Earth’s Magnetic Field

Another phenomenon that points to a young earth is its magnetic field. In the ’70s, Dr. Thomas Barnes, a physics professor, analyzed data from 1835 through to 1965 and concluded that the field is decaying, that it is getting weaker, at 5% per century. ([Footnote:] K.L. McDonald and R.H. Gunst, “An analysis of the earth’s magnetic field from 1835 to 1965,” ESSA Technical Report, IER 46-IES 1, U.S. Government Printing Office, Washington, 1967. Later investigation showed that the field was 40% stronger in 1000 A.D. than it is today. Professor Barnes postulated the “free-decay theory,” which proposes that a decaying electric current in the earth’s metallic core is the cause. Assuming a constant decay of intensity, the current could not have been decaying for more than 10,000 years, or else its original strength would have been large enough to melt the earth. The conclusion from this is that the earth could not be older than 10,000 years.
Evolutionists postulate that some sort of a self-generating dynamo causes the liquid in the core to circulate, generating the magnetic field, rather than an electrical current circulating in a motionless liquid core as postulated by Barnes. Evolutionist scientists have been trying to construct a dynamo model or theory for the past 40 years that would take into account the data available, but so far have failed to come up with one that satisfies the criteria.

[Callout:] The weakening magnetic field of the earth is evidence of a young earth.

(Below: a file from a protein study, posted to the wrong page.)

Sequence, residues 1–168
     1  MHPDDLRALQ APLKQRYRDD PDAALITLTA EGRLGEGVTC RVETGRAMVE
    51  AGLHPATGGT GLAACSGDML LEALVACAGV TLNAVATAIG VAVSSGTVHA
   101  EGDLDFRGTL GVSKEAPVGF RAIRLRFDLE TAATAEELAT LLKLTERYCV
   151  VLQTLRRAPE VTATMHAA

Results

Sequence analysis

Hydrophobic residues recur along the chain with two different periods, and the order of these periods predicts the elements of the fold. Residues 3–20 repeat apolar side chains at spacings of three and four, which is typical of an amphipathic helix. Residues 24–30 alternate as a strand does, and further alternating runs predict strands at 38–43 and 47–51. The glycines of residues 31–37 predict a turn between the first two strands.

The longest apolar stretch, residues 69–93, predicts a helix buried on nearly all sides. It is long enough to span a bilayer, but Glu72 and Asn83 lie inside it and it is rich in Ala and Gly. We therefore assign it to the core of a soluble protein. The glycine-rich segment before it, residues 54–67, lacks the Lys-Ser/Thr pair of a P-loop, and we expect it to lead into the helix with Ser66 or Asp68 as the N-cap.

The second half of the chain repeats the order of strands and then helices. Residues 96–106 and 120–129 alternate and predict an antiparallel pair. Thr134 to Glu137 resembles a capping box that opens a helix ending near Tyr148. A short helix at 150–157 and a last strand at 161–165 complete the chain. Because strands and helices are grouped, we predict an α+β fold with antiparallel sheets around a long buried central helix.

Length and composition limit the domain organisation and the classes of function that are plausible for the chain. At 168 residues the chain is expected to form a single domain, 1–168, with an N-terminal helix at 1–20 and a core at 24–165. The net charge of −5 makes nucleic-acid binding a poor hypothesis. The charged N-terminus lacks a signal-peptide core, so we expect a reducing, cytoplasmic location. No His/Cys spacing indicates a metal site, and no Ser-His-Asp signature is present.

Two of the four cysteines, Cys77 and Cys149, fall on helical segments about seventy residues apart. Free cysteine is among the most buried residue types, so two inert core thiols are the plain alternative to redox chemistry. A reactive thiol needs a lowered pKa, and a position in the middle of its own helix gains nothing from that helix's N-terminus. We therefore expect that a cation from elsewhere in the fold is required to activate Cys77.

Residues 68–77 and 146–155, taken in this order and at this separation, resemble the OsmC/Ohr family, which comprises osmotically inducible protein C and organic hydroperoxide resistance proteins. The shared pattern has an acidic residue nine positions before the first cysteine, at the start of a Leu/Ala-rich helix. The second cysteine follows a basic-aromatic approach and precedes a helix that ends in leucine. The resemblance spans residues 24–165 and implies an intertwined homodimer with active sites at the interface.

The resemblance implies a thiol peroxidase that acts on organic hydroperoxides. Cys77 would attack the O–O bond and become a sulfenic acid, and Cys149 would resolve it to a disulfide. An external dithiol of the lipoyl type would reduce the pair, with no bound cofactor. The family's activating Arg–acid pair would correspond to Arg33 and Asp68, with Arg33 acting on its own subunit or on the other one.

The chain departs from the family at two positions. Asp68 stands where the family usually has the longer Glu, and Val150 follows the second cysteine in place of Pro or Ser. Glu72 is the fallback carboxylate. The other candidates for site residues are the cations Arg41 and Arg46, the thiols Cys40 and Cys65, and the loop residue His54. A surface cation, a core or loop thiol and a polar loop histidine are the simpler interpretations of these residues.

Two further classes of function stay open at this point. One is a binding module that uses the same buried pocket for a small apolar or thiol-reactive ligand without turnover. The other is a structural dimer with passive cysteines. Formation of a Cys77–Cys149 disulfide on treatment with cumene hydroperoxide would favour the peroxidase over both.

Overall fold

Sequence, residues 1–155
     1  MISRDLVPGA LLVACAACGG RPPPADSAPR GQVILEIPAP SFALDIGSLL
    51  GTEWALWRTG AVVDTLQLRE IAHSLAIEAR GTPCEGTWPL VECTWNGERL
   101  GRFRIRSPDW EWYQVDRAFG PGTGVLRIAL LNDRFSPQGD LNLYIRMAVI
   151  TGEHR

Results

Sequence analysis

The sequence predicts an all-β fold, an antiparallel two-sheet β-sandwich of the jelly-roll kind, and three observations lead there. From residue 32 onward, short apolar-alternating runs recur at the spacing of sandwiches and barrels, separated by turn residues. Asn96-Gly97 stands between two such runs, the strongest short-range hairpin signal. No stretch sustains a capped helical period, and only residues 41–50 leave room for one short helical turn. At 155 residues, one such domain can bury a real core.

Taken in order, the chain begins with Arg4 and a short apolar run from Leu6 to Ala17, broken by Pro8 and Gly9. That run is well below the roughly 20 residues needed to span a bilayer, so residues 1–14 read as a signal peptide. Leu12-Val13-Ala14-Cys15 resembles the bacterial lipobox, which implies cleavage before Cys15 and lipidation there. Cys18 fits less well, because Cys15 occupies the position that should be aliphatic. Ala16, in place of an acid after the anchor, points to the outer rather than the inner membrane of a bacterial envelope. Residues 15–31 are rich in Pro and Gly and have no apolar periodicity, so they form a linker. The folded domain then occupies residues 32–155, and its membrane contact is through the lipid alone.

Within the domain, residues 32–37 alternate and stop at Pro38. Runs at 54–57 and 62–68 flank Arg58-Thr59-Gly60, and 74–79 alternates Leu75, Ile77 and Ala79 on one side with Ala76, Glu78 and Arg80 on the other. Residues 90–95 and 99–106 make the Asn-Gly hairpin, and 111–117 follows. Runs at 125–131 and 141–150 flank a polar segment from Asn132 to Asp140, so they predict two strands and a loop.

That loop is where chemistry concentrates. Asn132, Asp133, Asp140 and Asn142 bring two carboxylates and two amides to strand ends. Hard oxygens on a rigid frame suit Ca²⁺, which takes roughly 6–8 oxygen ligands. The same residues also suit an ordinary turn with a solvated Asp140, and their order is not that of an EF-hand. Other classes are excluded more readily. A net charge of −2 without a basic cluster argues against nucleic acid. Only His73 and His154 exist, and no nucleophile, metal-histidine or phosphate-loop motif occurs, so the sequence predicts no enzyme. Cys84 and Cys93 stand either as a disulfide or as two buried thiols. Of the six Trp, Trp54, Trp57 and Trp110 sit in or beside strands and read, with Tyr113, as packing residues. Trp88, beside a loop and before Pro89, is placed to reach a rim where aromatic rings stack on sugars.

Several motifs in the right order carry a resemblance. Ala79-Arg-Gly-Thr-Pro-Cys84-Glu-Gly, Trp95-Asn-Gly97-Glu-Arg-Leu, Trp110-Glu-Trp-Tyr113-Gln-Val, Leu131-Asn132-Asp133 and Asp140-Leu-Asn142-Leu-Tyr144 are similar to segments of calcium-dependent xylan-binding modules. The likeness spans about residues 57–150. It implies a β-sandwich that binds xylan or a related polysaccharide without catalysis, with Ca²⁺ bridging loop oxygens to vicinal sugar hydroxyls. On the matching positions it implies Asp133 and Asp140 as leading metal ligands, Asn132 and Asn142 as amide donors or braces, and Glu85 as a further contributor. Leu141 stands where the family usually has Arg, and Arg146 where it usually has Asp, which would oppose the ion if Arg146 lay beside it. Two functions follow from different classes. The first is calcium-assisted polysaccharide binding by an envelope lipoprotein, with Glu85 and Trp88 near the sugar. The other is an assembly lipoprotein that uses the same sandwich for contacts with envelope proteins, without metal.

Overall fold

However, creationist physicist Dr. Russell Humphreys,(previous page) Ph.D. Physics (ICR) has a B.S. in Physics from Duke University and a Ph.D. in Physics from Louisiana State University. Dr. Humphreys then worked six years for the High Voltage Laboratory of General Electric. While there, he received a U.S. patent and one of Industrial Research Magazine’s IR-100 awards. He has worked for Sandia National Laboratories since 1979 in nuclear physics, geophysics, pulsed power research, theoretical atomic and nuclear physics, and the Particle Beam Fusion Project. He was co-inventor of special laser-triggered “Rimfire” high-voltage switches. Dr. Humphreys has received another U.S. patent and two awards from Sandia, including an award for excellence for contributions to light ion-fusion target theory.) looking at data derived from archeomagnetism and paleomagnetism, proposed that the free-decay theory needed to be revised because it was shown that the decay of the magnetic field hadn’t been constant over time. Wild fluctuations, and in fact complete reversals, in the earth’s magnetic field occurred during the period approximating the time of Noah’s Flood. He proposed the dynamic-decay theory to accommodate this new data. When all this is taken into account, it shortens the age of the earth to within the range of 6,000 years. The rate of decay in the earth’s magnetic field is now constant, so it is believed that the dynamic, or fluctuating rate of decay, occurred earlier in the earth’s history. Even if some of the decay happening today is still dynamic, which is unlikely, the age of the earth at a maximum would be around 100,000 years. That is still far too short a time for the processes attributed to evolutionary theory to have taken place. The dynamic-decay modification to the free-decay theory remains the best model for accommodating the data currently available. ([Footnote:] “The Earth’s Magnetic Field Is Young” by Russell Humphreys, Ph.D. in Impact, No. 242, issued by the Institute for Creation Research.)

 

 

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